Thursday, April 19, 2018

Osthmanthus & Guava: An older and more sedate time!

Guava fruit and the beautiful trunk.

                                        Osthmanthus fragrans©Am Ang Zhang 2011

In The Cockroach Catcher:

The examinations were finally over and I was back home in the village that I had more or less abandoned for the most of the last five years.  I could not remember skies as bright and temperature as high, but it was a nice interlude from the mad preparations and the nerve-wracking examinations.
         We had an unusually dry May. The worst of the 1966 rains seemed like a distant memory and the crisp blue skies somehow made the heat tolerable. Even back then we seemed to be complaining of the ever rising temperatures in Hong Kong. The way we had been complaining about the rise every year, the temperature should really have reached 110 or more by now. The air-conditioning of offices, followed by that of private homes, necessarily led to the feeling of higher ambient temperatures in the streets.
         The garden was filled with the fragrance of the white tropical jasmines.  That fragrance is only second to that of the Osmanthus (Gui Hua)[1], the flowers of which are tiny and appear more towards winter. We used to collect the Osmanthus flowers, dry them and use them to flavour our best teas.  Jasmine is more a late spring and summer flower and we had a big bush. By nightfall the cooling hill breeze brought with it occasional whiffs that made you want summer to last forever.
         It was a peculiar time for those of us who had lived in or around the university for the past five years.  We left home as school children and now we were back, and with any luck the majority of us would in a few weeks become fully fledged doctors ready to apply our skills.
         We had changed and the rest of the family probably not as much; and yet it was a time to savour – the last of the old before embarking on the new and brave.
         It was good to be reminded of the fine cooking back home, of an older and more sedate time when shopping was done twice a day for fresh ingredients.  This practice of course still continues in some parts of the world.

.........The guavas were not quite ready but our own giant papaya tree seemed capable of fruiting through the year. These were yellow fleshed and delicious though without the special fragrance associated with the red variety. Bananas too grew wild and bunches were cut when ready and suspended from a tripod for indoor ripening. It was too risky to let them ripe on the tree as various animals and birds would have had first claim.

[1] Osmanthus (Gui Hua) - Osmanthus fragrans is a flower native to China that is valued for its delicate fruity-floral apricot aroma. It is especially valued as an additive for tea and other beverages in the Far East.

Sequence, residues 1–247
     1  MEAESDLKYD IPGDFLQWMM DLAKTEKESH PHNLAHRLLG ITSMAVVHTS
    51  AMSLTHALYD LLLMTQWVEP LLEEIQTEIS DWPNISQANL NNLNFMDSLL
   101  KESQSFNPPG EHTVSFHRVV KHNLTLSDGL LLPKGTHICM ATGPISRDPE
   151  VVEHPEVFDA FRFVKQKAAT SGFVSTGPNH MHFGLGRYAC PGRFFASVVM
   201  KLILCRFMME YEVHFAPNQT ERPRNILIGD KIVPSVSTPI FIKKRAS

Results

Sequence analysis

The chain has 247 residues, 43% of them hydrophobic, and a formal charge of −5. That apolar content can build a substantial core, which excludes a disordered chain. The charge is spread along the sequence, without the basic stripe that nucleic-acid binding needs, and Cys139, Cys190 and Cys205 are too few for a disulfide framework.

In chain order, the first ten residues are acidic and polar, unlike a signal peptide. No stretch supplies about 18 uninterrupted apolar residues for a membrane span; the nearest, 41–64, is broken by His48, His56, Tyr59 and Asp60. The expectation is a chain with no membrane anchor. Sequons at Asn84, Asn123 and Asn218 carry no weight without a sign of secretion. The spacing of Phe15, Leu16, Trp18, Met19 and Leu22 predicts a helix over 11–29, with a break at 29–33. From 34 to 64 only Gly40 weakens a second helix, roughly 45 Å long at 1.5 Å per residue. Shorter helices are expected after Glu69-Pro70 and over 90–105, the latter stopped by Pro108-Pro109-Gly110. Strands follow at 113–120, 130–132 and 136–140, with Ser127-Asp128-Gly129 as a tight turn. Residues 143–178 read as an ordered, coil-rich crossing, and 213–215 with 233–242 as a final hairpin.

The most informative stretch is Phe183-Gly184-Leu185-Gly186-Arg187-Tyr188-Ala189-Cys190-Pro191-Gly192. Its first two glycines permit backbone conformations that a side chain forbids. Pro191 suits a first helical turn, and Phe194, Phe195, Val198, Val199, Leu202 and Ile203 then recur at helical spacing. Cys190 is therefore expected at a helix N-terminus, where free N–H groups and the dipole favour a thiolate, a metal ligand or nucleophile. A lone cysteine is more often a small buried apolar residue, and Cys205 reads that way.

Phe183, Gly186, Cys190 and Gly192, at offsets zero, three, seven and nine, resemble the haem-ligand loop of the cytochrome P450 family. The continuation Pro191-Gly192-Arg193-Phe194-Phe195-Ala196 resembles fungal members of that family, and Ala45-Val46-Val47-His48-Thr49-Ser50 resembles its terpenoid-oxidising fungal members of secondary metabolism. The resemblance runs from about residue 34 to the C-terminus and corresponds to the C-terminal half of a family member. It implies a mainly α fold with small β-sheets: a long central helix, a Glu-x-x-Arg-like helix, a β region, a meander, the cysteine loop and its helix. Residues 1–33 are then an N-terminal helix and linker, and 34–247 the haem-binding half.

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Tuesday, April 10, 2018

Tioman Island vs The Great Barrier Reef!

The Great Barrier Reef at 18.2871° S is hitting the news with much bleaching. 

Tioman Island: 2.8167°N Not Bleached.

Ideas without precedent are generally looked upon with disfavour
and men are shocked if their conceptions of an orderly world are challenged.
Bretz, J Harlen 1928.

We have always been led to believe that bleaching of the world's coral reefs is final proof of global warming. Not quite according to the NOAA:

When corals are stressed by changes in conditions such as temperature, light, or nutrients, they expel the symbiotic algae living in their tissues, causing them to turn completely white.

Warmer water temperatures can result in coral bleaching. When water is too warm, corals will expel the algae (zooxanthellae) living in their tissues causing the coral to turn completely white. This is called coral bleaching. When a coral bleaches, it is not dead. Corals can survive a bleaching event, but they are under more stress and are subject to mortality.

In 2005, the U.S. lost half of its coral reefs in the Caribbean in one year due to a massive bleaching event. The warm waters centered around the northern Antilles near the Virgin Islands and Puerto Rico expanded southward. Comparison of satellite data from the previous 20 years confirmed that thermal stress from the 2005 event was greater than the previous 20 years combined.

Not all bleaching events are due to warm water.

In January 2010, cold water temperatures in the Florida Keys caused a coral bleaching event that resulted in some coral death. Water temperatures dropped 12.06 degrees Fahrenheit lower than the typical temperatures observed at this time of year. Researchers will evaluate if this cold-stress event will make corals more susceptible to disease in the same way that warmer waters impact corals.

The Great Barrier Reef at 18.2871° S is hitting the news with much bleaching. 

These are doing fine at Tioman Island,  2.8167°N

All photos©2014 Am Ang Zhang

Medicine and Snorkelling: Think outside the box!

The first modern snorkel was invented by none other than Leonardo da Vinci, apparently at the request of the Venetian senate. It consisted of a hollow breathing tube attached to a diver's helmet of leather.

You may wonder why I wrote about snorkels in my book The Cockroach Catcher. The evolution of the snorkel tube makes me think about progress in medicine.

“... In those days we had snorkels that had a Ping Pong ball at the top end – a sort of umbrella handle at the top with the Ping PongBall inside a little cage so that it floated up to stop water coming in. ….